Putting The K in EKG
Patient is a 50 yo F with a history of ESRD s/p failed renal transplant now on hemodialysis who had onset of GI bleeding with associated lightheadedness and hypotension. An EKG was obtained.
What finding on this EKG warrants further management?
Normal sinus rhythm at a rate of 77, normal PR interval, normal QRS, normal axis, LVH (significantly increased voltages), narrow based, peaked T-waves, T-wave inversions in leads III and aVF.
The narrow based, peaked T-waves present in this patient’s EKG, most evident in leads V3-V4, indicate probable hyperkalemia in this patient who is at risk for elevated potassium given her ESRD. The T-wave abnormalities in this EKG are somewhat subtle, but the narrow, “pinched down” bases of the T-waves should warn you of hyperkalemia. This patient’s potassium level was found to be 6.9 and was appropriately treated.
Potassium can be the great imitator on EKGs because it can cause a wide variety of abnormal EKG findings, including (but not limited to):
• Peaked T-waves (often the earliest EKG sign of hyperkalemia)
• Prolonged PR interval
• Loss of P waves
• AV block
• Broad QRS complexes with abnormal morphology
• Sine waves (usually with extremely severe hyperkalemia)
For patients with ESRD on hemodialysis, dialysis is the definitive treatment for hyperkalemia.
Typical management of hyperkalemia (for K>6.0 or EKG changes) includes**:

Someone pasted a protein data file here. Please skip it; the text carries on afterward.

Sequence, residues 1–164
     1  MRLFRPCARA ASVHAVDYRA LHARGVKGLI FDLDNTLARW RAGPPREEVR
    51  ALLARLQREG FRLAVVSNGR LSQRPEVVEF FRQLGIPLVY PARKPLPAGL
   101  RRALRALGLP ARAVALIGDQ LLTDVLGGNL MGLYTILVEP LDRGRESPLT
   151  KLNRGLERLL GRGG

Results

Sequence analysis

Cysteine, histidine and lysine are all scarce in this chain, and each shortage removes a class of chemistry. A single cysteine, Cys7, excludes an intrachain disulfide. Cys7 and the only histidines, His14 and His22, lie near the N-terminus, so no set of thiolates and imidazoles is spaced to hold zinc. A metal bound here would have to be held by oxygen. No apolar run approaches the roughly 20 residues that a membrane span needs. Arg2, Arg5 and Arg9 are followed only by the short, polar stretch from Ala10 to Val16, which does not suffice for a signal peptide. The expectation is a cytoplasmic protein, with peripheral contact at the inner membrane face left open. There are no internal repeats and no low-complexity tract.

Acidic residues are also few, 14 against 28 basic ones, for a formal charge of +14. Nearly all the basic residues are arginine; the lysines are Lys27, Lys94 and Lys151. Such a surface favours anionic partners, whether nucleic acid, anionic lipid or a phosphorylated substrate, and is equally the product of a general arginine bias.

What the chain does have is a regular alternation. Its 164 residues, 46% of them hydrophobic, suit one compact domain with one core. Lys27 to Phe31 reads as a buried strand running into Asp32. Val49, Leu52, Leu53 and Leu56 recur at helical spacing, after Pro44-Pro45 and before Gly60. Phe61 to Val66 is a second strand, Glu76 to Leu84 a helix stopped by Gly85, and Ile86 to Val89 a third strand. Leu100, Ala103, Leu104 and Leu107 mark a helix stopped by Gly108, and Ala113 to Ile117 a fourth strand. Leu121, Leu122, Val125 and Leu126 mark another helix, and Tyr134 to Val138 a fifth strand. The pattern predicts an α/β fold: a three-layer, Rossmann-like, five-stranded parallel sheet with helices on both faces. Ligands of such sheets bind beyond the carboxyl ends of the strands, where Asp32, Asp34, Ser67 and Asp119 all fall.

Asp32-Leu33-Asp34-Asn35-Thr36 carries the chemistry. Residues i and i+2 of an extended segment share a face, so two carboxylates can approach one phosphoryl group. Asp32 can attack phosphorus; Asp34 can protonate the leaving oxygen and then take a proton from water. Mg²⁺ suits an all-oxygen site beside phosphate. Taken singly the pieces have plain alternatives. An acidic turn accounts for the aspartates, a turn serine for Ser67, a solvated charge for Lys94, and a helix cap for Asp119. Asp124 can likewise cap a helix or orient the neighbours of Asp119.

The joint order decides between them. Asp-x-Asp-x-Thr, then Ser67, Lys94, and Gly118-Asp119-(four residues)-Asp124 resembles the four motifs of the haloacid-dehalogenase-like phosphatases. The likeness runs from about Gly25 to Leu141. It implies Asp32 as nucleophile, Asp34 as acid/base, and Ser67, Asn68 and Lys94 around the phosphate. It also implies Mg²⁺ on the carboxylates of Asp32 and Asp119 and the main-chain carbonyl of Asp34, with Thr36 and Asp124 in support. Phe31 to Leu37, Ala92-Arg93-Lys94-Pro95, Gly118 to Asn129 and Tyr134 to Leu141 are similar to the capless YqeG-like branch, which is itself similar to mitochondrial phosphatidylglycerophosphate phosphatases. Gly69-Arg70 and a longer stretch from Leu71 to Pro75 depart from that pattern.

• Calcium (either IV calcium gluconate or calcium chloride), which stabilizes cellular membranes by antagonizing the effect of potassium on membrane potential. Usually reserved for K>7.0 or EKG changes.
• Insulin to promote the movement of potassium into cells.
• Albuterol and Sodium bicarbonate can also be used to promote the movement of potassium into cells depending on potassium levels.
• Kayexalate (Sodium polystyrene sulfonate) can be used to promote potassium elimination from the body, however this has no role in the acute management of hyperkalemia with EKG changes.
**Caution in patients with DKA because total body potassium may actually be low and aggressive management of hyperkalemia can result in hypokalemia**
By: Krystin Thomas, PGY1
• Stone, CK. Fluid, Electrolyte, and Acid-Base Emergencies. In Current diagnosis & treatment emergency medicine. 6th ed. New York: McGraw-Hill; 2008.
• Burns, E. Hyperkalemia [Web log post] Retrieved August 28, 2015, from http://lifeinthefastlane.com/ecg-library/basics/hyperkalaemia/
ER residents on Dr. Littmann's cardiology service present an interesting EKG and core concepts from Dr. Littmann.
Disclaimer: All EKG's and images are the sole property of CMC Emergency Medicine Residency and cannot be reproduced without written consent. Patient identifiers have been redacted/changed or patient consent has been obtained. Information contained in this blog is the opinion of the authors and application of material contained in this blog is at the discretion of the practitioner to verify for accuracy.